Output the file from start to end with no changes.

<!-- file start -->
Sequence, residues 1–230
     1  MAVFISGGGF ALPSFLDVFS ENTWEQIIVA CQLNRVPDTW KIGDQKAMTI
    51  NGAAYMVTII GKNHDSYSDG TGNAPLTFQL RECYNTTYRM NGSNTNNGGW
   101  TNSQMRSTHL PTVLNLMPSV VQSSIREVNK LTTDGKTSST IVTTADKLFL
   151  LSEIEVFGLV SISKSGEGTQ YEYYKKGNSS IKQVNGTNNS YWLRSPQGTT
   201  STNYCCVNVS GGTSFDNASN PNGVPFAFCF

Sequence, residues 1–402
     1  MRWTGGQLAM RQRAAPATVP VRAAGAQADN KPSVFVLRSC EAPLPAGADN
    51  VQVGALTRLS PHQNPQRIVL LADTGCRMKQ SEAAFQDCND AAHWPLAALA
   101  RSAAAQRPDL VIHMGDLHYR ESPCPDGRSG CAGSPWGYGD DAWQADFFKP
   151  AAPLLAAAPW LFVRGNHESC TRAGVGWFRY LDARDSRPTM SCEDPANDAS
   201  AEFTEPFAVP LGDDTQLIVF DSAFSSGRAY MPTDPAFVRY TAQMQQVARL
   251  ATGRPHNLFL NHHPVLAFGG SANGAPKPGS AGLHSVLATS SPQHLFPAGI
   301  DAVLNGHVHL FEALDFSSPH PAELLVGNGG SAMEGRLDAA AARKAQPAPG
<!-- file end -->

Sequence, residues 1–230
     1  MAVFISGGGF ALPSFLDVFS ENTWEQIIVA CQLNRVPDTW KIGDQKAMTI
    51  NGAAYMVTII GKNHDSYSDG TGNAPLTFQL RECYNTTYRM NGSNTNNGGW
   101  TNSQMRSTHL PTVLNLMPSV VQSSIREVNK LTTDGKTSST IVTTADKLFL
   151  LSEIEVFGLV SISKSGEGTQ YEYYKKGNSS IKQVNGTNNS YWLRSPQGTT
   201  STNYCCVNVS GGTSFDNASN PNGVPFAFCF

Sequence, residues 1–402
     1  MRWTGGQLAM RQRAAPATVP VRAAGAQADN KPSVFVLRSC EAPLPAGADN
    51  VQVGALTRLS PHQNPQRIVL LADTGCRMKQ SEAAFQDCND AAHWPLAALA
   101  RSAAAQRPDL VIHMGDLHYR ESPCPDGRSG CAGSPWGYGD DAWQADFFKP
   151  AAPLLAAAPW LFVRGNHESC TRAGVGWFRY LDARDSRPTM SCEDPANDAS
   201  AEFTEPFAVP LGDDTQLIVF DSAFSSGRAY MPTDPAFVRY TAQMQQVARL
   251  ATGRPHNLFL NHHPVLAFGG SANGAPKPGS AGLHSVLATS SPQHLFPAGI
   301  DAVLNGHVHL FEALDFSSPH PAELLVGNGG SAMEGRLDAA AARKAQPAPG